For now, it’s difficult for me to take a negative short-term view on U.S. economic activity so long as the housing and export sectors continue to boom. It’s remains a Bubble Economy and, while vulnerable, the Bubble is still expanding.

At this point, the bond market is content to disregard a lot of data, that is, so long as there are no upside surprises in consumer price indices or wages (the two data sets stuck deepest in the structural muck). This works to keep market yields artificially depressed – and mortgage rates extraordinarily low. With after-tax borrowing costs remaining significantly below the rate of housing appreciation (in many areas), the backdrop is favorable for a strengthening of an already potent housing market inflationary bias. The unusually low levels of housing inventory – and an expanding list of overheated local markets – coupled with the Fed’s fixation on CPI sow the seeds for Housing Bubble 2.0.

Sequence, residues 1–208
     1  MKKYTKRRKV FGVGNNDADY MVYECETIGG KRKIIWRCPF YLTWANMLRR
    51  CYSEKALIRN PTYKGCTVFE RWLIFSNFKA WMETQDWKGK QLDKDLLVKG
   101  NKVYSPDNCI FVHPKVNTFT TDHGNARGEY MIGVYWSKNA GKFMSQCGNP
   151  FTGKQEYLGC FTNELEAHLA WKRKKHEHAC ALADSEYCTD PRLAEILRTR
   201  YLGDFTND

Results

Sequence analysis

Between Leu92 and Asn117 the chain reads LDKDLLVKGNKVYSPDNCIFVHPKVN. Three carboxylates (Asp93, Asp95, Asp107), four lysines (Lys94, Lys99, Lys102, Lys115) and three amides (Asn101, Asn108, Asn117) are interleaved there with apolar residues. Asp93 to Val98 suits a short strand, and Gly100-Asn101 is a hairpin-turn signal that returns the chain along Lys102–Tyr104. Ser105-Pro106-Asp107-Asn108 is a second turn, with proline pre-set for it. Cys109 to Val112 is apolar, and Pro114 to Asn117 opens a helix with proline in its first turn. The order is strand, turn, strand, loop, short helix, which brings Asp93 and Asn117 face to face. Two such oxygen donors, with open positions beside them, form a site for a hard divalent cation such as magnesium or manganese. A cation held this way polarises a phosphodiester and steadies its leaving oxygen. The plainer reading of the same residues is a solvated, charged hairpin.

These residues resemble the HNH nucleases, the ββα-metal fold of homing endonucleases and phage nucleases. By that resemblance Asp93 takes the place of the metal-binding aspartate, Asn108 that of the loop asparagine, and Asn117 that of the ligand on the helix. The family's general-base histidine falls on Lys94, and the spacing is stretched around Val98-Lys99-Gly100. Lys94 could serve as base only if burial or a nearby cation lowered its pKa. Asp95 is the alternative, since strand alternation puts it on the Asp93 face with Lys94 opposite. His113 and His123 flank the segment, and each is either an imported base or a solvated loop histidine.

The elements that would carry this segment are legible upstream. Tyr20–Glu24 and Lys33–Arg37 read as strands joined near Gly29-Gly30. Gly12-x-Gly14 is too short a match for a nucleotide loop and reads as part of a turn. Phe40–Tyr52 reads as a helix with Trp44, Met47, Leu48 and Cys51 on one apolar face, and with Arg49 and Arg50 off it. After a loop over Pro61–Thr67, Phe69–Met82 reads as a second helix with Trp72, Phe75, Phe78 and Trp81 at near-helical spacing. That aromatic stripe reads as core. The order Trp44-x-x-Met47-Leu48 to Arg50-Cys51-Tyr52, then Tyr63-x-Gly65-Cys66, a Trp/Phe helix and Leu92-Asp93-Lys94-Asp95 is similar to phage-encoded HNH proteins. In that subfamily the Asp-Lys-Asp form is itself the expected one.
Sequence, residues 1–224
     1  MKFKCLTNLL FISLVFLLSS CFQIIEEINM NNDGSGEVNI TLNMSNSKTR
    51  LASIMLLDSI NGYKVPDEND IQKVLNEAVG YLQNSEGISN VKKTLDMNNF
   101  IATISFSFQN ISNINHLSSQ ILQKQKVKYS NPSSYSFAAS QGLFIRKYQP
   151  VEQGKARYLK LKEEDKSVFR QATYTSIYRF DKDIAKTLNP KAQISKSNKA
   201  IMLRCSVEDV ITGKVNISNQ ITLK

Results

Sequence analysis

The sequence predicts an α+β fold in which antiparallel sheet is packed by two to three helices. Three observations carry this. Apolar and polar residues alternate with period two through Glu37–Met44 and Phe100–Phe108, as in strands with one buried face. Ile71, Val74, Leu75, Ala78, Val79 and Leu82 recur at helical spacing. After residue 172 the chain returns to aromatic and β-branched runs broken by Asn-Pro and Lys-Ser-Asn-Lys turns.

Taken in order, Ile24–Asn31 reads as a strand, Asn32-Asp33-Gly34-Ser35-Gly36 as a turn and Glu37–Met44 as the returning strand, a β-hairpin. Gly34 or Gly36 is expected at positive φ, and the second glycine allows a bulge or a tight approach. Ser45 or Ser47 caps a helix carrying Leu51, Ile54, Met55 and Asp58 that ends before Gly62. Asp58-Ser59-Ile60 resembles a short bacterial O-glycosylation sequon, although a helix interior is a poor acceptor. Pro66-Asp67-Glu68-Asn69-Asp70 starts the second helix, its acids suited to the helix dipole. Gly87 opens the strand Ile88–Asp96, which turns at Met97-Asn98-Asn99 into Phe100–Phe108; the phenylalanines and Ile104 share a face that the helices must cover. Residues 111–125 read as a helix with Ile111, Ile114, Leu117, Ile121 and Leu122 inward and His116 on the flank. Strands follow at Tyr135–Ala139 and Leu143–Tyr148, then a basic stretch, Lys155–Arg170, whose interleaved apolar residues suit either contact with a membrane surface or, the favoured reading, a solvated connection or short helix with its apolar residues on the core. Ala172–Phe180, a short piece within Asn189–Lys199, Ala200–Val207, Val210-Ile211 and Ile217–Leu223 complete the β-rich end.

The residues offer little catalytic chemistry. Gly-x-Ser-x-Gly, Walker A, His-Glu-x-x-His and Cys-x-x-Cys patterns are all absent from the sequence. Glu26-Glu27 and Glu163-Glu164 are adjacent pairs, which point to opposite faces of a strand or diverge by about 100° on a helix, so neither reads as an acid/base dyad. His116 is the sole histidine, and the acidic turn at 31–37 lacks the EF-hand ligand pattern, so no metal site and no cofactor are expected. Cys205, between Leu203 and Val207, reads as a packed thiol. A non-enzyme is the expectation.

August 1 – Bloomberg (Alfred Liu): “China has made progress in slowing leverage in the economy, but still needs to do more with the total amount of financing expected to rise 13% this year, according to Autonomous Research analyst Charlene Chu. Total outstanding credit is expected to grow to 223 trillion yuan ($33 trillion) by December from 196.8 trillion yuan at the end of 2016, analysis by Chu shows. The estimated increase will be lower than last year’s 19% gain as the government’s campaign against leverage starts to bite, she said. Her estimates are far higher than the latest official figure of 167 trillion yuan in June, which she says doesn’t accurately represent the true state of financing as it doesn’t include items like local government bond issuance and some forms of off-balance sheet lending.”

Charlene Chu is one of the preeminent analysts of Chinese Credit. She currently forecasts almost $4.0 TN of Chinese Credit growth this year, with total Credit approaching 300% of GDP. It’s somewhat of a challenge to be negative on short-term global GDP trends with record Chinese Credit expansion, enormous ongoing global QE and booming securities markets. At the same time, there’s a strong case that we’re getting awfully close to peak QE, peak Chinese Credit and peak global securities Bubble. Things would get more interesting if economic data begins to surprise on the upside, forcing the Fed and other central banks to again rethink the meaning of “normalization”. That would awaken bonds. July payrolls could have been a start.